I came across something that James Patrick Holding (semi-popular internet apologist) wrote on the Internet Infidels discussion board about Evolution. Since I've posted a link, and since the post is frickin' long, I'll let you go to the link if you wanna read it. Here is my response to him:
This is so dumb. Holding is basically arguing: 'You don't know absolutely everything about how and why each step of evolution occurred, therefore God intervened or created life. '
I'm going to imitate Holding's babyish style in my rebuttal:
"1) How many mutations did it take to go from the earliest member of the tree, Hyracotheium, to the latest member, New World Equus?"
Don't know, but that's irrelevant.
"2) How many of these mutations are directly in evidence in the fossil record?"
A mutation is a change in DNA, something you can't observe in the fossil record, dodo."If I were to present a case for (say) the Resurrection of Jesus, and I only had .002% of the evidence I needed to make that case, who would think I had made a good case?"There is more than .002% of the evidence needed to make the case. There is well over 100% evidence needed to show that evolution occurred (If Evolutionists suddenly lost half their evidence, there would still be enough to make the case for evolution).
"a) How do they know that grasses of the time were harsher and more abrasive? How do they arrive at the conclusion that there were not softer, less abrasive grasses available to eat as well?"
You fool. What it says is "eating grasses", not eating certain types of grass. Grasses are harsher and more abrasive than other foods.
"b) How radical was the first mutation that increased tooth size and/or shape, or began that cement layer, etc? By natural selection theory, it must have been radical enough to make the survival of the horses who had it, more likely than those who didn't. But how do they know that the first mutation conferred such an advantage? They can't have had two horses or populations of them - one with, one without the mutation - and watched as they grazed and lived to see who survived better in a specific environment, so how can they be sure that the first mutational step provided enough of a survival advantage to be selected?"
You knucklehead. You're asking how we know that the first adaptive mutation provided enough survival advantage to spread. If it didn't have enough survival advantage, it wouldn't have spread, duh!!! And we know that advantageous variations spread because of the fossil record.
"Given the number of fossils versus the number of horses that must have lived, how can they be sure that their conclusions about the size and shape of the teeth reflect the state of the teeth of the Miocene horses as a whole? I have had two successive miniature poodles. The first, Toby, had thick, large teeth; my new one, Cocoa, has thin, needle-like teeth."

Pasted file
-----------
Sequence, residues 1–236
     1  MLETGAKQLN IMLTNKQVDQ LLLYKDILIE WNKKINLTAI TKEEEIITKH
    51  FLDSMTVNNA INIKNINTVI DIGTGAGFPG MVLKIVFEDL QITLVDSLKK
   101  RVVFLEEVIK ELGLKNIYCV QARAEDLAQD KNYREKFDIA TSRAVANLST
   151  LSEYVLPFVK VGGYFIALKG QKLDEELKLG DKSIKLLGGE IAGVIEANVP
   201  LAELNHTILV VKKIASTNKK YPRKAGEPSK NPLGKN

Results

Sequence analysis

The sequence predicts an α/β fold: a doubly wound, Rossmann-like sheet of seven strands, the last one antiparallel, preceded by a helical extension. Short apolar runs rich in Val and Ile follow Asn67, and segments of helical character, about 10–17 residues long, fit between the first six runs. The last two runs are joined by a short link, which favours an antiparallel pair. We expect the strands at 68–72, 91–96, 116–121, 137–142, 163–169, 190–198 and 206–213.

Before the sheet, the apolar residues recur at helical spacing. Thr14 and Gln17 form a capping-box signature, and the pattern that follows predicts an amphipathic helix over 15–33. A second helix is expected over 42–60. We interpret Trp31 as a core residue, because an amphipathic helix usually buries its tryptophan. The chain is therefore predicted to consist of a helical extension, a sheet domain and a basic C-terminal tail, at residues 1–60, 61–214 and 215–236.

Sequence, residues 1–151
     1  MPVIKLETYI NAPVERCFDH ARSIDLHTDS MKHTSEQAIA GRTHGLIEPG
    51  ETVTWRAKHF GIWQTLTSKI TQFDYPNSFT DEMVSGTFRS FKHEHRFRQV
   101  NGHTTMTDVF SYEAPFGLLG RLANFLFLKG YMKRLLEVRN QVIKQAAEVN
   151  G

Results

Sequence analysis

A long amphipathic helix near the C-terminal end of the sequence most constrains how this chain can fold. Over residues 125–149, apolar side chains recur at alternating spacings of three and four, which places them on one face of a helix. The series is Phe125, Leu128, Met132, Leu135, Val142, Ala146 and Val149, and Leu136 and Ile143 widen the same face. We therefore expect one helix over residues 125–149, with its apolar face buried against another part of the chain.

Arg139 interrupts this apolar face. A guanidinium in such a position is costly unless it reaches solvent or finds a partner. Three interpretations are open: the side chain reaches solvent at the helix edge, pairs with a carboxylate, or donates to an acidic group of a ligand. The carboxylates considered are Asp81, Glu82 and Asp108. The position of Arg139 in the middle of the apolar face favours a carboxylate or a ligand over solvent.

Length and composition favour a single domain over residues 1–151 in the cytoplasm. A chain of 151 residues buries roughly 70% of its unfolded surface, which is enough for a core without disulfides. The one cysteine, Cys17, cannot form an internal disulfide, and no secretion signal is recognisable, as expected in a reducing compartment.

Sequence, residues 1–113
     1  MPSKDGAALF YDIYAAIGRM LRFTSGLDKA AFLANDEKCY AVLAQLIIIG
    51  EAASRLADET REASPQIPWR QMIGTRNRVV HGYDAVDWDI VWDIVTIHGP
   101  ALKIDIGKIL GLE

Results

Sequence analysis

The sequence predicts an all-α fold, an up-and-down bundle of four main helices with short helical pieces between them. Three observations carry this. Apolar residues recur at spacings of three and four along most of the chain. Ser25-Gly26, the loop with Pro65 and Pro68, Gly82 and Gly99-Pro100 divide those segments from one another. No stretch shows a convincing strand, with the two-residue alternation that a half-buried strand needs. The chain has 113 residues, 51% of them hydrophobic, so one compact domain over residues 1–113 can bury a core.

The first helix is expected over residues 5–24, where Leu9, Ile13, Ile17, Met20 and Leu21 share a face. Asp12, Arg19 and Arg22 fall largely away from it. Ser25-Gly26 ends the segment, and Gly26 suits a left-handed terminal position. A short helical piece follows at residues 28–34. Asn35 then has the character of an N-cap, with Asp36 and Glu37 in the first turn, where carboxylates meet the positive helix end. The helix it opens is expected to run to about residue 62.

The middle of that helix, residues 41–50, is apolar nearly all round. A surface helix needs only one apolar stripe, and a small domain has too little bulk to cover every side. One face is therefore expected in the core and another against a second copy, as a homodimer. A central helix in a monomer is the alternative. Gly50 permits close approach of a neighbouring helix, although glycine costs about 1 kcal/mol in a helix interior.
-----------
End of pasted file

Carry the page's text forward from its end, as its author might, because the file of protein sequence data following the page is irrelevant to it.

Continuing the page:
Too say that several dozen fossils all appeared to show several different trends through time, purely by chance, is stupid. Besides, wouldn't you expect a fossil to probably be an average representative of its species? Its called the Principle of Mediocrity.
Once again, given all these unanswered questions, I'm not seeing why materialist views should be pronounced so confidently. If someone wants to say, e.g.,
"God prodded the process along" that's another matter, but a pure materialist view? I can't see it working."
All you've done is ask dumbass questions. You haven't given a damn reason why evolution could not have occurred naturally.In conclusion, I'd like to ask you, Mr. Holding, some questions:
1. What do you think the probability is that the fossil record would show successive trends that appeared to be evolution (like the horse sequence) if evolution is false? How do you know?
2. If modern day, one toed horses are not descended from three toed horses, as the fossil record leads evolutionists to believe, then why do modern horses still have the genes for the other toes? (See Gould, Hen's Teeth and Horses Toes).
3. Why do human beings still have muscles for moving their ears? We can't move them much (if at all) and there seems to be no survival advantage to them. How do we explain this unless these muscles were inherited from a more primitive mammalian ancestor? (Four legged mammals, such as dogs, have muscles to move their ears because it allows them a survival advantage: They can raise their ears to focus on sound from a particular direction, which is useful if one is stalking prey and needs to make as little noise as possible)